Let me say first that in spite of the tag-line it actually has almost nothing to do with devils, or "demon possession" as such. One is simply that it misrepresents the book. But I think the worst thing about it is that sales need to be boosted to begin with. This is a book that should be read. It also deals with an alleged case of demon possession: that is also true.

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Aldous Huxley

Huxley composed this passage to shed light on the mind of a thoroughly unlikeable individual by the name and title of Father Urban Grandier, in particular. But he also offered it as a more general analysis of the mindset afflicting those who burned Grandier to death—with the approval of both the Catholic Church and the State of France—for being a sorcerer in In the context of the entire work, this passage was part of a close inspection of the susceptibility of humanity to moral panics, show-trials, and mob justice across the ages. For, although The Devils of Loudun is a book about particular persons at a particular time in a particular place and the atrocities they committed, it is more obviously an inquiry into the reality of demons and their inception. And it carries a particular relevance for our fevered political moment, replete with monomaniacal intersectionalists, prosyletizers for utopian ethno-states, religious fanatics, Antifa vandals, paranoid anti-Semites, millenarian conspiracists, and virtually anyone else called upon by some Hegelian or Abrahamic doctrine to ceaselessly fusillade public discourse with slurs and bitter invective. Shortly after his arrival, Grandier abused his position of power and influence to flout his vows of celibacy and sleep with, and then discard, a series of widows.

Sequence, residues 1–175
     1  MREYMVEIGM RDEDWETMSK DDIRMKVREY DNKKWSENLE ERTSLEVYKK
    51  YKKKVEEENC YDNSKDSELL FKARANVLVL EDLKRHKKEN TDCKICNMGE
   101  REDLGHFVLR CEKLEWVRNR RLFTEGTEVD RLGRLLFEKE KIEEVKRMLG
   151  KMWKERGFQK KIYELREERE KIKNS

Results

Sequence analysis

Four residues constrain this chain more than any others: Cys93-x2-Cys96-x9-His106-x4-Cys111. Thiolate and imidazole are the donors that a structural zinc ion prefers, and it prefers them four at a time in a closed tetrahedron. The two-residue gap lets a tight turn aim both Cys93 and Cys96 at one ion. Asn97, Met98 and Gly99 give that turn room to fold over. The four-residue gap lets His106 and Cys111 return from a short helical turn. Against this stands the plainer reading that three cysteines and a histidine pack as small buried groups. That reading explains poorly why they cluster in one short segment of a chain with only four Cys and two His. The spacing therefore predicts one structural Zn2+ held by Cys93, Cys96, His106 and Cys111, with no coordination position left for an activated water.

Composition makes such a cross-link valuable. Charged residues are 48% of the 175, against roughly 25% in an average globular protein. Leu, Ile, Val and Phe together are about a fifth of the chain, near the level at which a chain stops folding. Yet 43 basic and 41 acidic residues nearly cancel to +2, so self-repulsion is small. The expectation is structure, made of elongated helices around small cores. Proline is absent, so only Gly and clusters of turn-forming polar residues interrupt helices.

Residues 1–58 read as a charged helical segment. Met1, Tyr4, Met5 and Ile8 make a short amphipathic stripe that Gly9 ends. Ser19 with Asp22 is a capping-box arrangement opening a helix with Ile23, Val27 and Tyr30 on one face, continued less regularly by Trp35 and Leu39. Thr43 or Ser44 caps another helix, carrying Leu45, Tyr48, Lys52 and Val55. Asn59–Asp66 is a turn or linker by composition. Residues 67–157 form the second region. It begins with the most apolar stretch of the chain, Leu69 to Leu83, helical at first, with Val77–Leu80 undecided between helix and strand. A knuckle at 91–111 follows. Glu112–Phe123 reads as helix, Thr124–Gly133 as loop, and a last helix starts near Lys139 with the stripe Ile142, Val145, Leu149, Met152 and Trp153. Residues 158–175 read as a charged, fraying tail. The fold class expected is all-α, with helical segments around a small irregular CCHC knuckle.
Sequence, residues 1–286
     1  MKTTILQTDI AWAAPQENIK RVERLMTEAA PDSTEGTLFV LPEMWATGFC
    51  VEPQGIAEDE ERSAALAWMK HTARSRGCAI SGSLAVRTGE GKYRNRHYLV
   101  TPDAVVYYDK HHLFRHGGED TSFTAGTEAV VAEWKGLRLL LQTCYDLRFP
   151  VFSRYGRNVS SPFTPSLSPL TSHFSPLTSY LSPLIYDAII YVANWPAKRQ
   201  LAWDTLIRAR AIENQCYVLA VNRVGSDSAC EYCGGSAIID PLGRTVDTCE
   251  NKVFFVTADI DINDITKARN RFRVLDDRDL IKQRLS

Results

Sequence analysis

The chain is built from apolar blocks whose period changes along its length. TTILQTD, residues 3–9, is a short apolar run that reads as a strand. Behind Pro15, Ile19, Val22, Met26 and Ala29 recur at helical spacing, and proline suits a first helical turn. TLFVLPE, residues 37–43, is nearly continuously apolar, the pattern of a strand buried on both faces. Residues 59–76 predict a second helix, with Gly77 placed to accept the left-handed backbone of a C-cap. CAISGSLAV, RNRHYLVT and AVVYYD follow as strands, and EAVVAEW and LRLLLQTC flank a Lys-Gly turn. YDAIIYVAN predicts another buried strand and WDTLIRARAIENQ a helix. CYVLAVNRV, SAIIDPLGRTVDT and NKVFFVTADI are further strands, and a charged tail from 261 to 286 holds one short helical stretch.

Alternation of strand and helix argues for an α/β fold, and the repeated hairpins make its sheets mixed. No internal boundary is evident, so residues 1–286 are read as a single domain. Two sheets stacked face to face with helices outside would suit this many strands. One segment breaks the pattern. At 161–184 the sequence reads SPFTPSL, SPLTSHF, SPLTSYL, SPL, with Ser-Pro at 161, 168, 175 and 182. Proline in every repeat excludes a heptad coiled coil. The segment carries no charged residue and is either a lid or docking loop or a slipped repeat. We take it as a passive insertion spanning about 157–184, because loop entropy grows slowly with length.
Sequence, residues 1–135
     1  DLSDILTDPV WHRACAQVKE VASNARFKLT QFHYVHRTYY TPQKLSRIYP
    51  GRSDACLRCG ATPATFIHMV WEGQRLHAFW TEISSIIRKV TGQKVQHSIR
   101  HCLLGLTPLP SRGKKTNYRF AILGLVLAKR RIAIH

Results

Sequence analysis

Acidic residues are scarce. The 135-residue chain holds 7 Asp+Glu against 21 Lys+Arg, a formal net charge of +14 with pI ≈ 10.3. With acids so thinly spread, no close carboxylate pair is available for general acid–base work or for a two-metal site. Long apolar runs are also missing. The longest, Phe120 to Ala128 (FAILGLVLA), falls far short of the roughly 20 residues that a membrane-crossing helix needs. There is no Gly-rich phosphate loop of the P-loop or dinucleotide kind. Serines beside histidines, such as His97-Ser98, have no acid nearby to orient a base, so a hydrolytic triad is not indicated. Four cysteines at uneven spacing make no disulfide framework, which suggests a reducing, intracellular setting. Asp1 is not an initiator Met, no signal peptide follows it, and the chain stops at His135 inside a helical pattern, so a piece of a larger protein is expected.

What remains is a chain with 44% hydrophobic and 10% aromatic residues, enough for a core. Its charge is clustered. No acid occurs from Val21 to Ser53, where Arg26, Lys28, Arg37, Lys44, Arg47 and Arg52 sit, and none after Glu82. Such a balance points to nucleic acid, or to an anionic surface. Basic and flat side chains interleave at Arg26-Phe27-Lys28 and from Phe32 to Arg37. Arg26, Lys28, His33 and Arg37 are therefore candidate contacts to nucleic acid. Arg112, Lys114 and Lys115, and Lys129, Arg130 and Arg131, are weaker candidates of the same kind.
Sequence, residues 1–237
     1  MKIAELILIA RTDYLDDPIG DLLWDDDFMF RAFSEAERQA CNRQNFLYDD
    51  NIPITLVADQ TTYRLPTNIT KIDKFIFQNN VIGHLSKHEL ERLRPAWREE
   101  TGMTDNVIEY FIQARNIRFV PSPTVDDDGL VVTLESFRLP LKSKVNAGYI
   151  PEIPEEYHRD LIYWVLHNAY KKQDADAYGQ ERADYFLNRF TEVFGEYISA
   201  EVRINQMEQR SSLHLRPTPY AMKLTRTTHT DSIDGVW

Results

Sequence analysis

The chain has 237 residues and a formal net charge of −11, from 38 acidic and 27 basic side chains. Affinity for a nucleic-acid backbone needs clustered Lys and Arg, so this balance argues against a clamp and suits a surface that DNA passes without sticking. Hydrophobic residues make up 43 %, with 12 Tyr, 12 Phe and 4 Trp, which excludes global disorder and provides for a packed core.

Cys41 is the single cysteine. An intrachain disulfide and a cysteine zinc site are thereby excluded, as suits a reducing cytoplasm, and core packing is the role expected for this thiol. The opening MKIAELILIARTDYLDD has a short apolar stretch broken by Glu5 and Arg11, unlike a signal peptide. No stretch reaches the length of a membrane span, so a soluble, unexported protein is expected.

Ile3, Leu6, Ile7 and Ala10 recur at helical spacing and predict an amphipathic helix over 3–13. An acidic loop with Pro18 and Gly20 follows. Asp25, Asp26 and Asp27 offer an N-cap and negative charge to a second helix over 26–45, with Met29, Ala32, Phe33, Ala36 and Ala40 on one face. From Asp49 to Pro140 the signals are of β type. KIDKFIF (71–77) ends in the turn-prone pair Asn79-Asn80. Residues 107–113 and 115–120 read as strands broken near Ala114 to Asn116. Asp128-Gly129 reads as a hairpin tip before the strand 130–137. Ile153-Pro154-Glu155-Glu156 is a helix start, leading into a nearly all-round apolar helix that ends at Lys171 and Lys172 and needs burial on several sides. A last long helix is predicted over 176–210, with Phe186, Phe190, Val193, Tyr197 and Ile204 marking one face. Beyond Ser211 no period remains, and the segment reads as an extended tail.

[PDF] The Devils of Loudun Book by Aldous Huxley Free Download (400 pages)

Julia was the niece of poet and critic Matthew Arnold and the sister of Mrs. Humphry Ward. His brother Julian Huxley and half-brother Andrew Huxley also became outstanding biologists. Aldous had another brother, Noel Trevenen Huxley — , who took his own life after a period of clinical depression. After Hillside he went on to Eton College.


A Mania for All Seasons: The Continuing Importance of ‘The Devils of Loudun’


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